Mannose, a sugar molecule is able to retard tumor progression and improve response to anti-cancer drugs, according to a recent study conducted in the UK. It does this by interfering with the metabolism of glucose and decreasing the amount of glucose available for tumor cells. The study was sponsored by Cancer Research UK and Worldwide Cancer Research and the findings of the study appear in the journal Nature
‘If the right dose of mannose is given, it can block the metabolism of glucose and limits the amount of glucose available to cancer cells. In future, mannose can be given to cancer patients to enhance chemotherapy without damaging their overall health.’
Role of Mannose in Slowing Tumor Growth
The current research was a lab study involving mice
to determine the role of mannose in slowing down the growth of cancer cells.
- Mannose was given administered orally by adding to the drinking water of mice having skin, lung or pancreatic tumors
- Mice given mannose showed a considerable reduction in size and growth of the tumor without any noticeable adverse effects
- Effect of mannose on cancer treatment was also assessed by giving mannose to mice treated with doxorubicin and cisplatin.
- Tumor response to chemotherapy agents was much better after administration of mannose with a decrease in the size of the tumor, and slow tumor growth as well as improved survival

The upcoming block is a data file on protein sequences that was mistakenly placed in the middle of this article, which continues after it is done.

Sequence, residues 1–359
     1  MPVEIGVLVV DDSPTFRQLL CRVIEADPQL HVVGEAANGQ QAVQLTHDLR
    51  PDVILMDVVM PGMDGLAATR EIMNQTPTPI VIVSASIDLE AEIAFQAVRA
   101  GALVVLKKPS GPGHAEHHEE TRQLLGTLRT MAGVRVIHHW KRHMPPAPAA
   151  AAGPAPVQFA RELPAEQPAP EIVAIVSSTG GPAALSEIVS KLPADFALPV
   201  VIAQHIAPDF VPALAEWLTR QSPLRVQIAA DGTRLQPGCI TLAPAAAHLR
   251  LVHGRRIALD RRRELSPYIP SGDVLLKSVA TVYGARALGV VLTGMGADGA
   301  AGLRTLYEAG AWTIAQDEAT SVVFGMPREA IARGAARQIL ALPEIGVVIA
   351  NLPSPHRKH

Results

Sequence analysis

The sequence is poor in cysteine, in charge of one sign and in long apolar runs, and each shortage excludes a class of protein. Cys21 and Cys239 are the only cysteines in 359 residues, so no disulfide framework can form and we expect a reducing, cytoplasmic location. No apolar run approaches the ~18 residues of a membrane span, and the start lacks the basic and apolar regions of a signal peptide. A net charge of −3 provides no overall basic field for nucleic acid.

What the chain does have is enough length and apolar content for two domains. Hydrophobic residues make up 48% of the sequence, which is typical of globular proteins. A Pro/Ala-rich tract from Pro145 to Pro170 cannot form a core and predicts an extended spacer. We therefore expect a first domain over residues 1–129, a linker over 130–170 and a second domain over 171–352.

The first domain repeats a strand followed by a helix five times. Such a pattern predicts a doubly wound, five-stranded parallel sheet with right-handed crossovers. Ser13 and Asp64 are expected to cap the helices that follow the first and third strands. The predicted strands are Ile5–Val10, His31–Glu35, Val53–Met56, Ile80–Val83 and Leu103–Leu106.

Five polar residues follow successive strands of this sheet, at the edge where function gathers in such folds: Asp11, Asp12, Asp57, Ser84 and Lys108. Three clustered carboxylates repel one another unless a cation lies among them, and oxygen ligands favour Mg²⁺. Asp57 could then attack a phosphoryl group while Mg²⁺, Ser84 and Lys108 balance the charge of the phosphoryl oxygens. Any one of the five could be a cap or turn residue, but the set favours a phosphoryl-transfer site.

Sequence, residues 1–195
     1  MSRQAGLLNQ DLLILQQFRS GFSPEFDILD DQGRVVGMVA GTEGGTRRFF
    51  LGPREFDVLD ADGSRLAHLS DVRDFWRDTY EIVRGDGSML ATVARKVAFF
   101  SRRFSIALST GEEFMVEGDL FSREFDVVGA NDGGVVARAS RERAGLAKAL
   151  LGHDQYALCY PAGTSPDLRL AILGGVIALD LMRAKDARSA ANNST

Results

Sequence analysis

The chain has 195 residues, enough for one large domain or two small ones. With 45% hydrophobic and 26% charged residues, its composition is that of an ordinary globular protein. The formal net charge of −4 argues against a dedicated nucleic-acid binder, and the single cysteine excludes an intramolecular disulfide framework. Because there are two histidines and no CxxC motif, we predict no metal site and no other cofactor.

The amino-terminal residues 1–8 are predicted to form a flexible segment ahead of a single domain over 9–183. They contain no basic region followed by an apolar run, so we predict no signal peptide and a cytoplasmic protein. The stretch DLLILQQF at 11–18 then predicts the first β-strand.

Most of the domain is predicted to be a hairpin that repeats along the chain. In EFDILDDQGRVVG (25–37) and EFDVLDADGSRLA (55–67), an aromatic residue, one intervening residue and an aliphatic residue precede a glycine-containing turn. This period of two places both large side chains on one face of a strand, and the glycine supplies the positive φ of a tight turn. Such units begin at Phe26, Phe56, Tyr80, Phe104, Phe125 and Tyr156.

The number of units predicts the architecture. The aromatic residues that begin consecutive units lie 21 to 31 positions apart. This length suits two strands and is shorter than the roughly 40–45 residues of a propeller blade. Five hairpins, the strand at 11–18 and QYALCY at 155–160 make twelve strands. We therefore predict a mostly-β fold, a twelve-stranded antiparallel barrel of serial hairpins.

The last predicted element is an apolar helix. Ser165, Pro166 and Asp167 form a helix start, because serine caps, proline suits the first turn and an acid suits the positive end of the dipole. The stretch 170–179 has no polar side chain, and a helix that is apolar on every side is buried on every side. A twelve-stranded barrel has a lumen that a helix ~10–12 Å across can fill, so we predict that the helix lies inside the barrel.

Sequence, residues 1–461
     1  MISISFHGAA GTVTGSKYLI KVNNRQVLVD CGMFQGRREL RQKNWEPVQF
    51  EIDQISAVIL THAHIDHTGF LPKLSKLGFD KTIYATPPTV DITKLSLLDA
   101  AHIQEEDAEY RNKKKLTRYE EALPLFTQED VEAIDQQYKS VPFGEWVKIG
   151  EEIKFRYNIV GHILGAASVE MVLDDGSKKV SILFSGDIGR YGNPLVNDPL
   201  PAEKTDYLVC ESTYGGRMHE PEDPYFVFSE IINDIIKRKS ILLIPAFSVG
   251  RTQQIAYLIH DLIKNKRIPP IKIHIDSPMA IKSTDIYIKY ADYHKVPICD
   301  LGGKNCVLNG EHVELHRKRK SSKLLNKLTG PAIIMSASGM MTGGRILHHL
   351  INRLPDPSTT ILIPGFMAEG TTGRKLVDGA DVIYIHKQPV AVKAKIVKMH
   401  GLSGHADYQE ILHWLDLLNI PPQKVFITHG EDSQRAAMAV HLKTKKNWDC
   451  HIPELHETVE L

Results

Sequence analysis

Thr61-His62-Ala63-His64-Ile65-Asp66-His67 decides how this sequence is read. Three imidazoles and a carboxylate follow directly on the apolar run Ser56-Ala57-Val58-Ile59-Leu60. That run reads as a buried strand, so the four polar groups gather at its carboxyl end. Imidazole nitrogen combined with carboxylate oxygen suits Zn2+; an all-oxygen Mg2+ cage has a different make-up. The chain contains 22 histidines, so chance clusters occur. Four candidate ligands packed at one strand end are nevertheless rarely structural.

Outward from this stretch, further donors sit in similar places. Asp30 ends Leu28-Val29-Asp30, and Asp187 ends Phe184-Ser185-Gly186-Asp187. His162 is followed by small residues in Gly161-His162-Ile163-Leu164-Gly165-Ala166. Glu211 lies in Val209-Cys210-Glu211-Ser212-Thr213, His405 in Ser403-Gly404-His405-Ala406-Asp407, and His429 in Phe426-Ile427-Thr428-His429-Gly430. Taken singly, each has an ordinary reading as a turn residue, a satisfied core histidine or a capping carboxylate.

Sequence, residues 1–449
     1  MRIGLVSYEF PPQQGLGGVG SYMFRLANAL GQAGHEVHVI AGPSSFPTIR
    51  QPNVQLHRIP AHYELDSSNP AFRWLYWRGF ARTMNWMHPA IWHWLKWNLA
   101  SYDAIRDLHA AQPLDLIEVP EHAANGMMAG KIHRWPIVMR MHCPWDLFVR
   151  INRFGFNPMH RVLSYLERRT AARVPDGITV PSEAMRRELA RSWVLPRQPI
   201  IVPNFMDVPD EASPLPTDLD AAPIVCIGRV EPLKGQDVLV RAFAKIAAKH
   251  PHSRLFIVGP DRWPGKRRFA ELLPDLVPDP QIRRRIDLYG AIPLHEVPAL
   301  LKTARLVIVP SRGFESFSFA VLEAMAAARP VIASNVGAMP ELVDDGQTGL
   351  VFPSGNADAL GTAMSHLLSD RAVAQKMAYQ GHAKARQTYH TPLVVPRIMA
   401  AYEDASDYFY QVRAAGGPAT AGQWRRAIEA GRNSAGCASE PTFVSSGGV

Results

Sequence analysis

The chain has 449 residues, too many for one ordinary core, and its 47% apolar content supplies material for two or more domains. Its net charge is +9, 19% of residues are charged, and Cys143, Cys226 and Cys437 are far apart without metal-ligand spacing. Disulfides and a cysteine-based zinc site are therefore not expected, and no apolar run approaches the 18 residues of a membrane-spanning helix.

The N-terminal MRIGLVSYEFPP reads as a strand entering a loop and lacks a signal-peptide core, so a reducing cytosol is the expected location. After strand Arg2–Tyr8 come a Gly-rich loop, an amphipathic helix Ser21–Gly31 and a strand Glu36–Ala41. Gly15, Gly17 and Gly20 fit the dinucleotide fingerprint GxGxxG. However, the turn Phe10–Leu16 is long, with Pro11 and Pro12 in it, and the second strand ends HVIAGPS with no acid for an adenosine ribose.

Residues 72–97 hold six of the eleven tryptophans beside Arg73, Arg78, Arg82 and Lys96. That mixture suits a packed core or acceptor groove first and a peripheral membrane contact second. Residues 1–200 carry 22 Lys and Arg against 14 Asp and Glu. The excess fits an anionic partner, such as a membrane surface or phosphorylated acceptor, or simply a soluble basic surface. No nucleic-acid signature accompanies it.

Professor Kevin Ryan, lead author from the Cancer Research UK Beatson Institute, said: "Tumors need a lot of glucose to grow, so limiting the amount they can use should slow cancer progression. The problem is that normal tissues need glucose as well, so we can't completely remove it from the body. In our study, we found a dosage of mannose that could block enough glucose to slow tumor growth in mice, but not so much that normal tissues were affected. This is early research, but it is hoped that finding this perfect balance means that, in the future, mannose could be given to cancer patients to enhance chemotherapy without damaging their overall health."
Reason for Mixed Response to Mannose in Some Tumor Cells
The scientists also tested other cancer types including ovary, bowel, blood and bone cancers
and response of these tumors to mannose. They cultivated these tumor cells in the lab and added mannose to the cells to analyze the anti-tumor effect.
- Some of the cells showed a decrease in tumor size and growth while other cells failed to show a similar effect
- The team found that the amounts of an enzyme within cells used to break down mannose could determine whether mannose is effective in reducing tumor size and growth
Prof Kevin Ryan says, "Our next step is investigating why treatment only works in some cells so that we can work out which patients might benefit the most from this approach. We hope to start clinical trials with mannose in people as soon as possible to determine its true potential as a new cancer therapy."
Mannose is a simple sugar that is present naturally in cranberries
and several fruits. It is widely used as a form of treatment for infections of the urinary tract. Its use as an anti-cancer agent in human needs further research and study.
The study team have found their initial results promising and hope it can help cancer patients in the future although further research and studies are necessary before it can be tried on humans. The team cautions that patients should avoid taking mannose supplements as the side effects are not known and they should speak to a health professional before altering their diet or trying new supplements. In future, mannose can be given to cancer patients to enhance chemotherapy without damaging their overall health.References :
- Mannose impairs tumour growth and enhances chemotherapy - (http://dx.doi.org/10.1038/s41586-018-0729-3)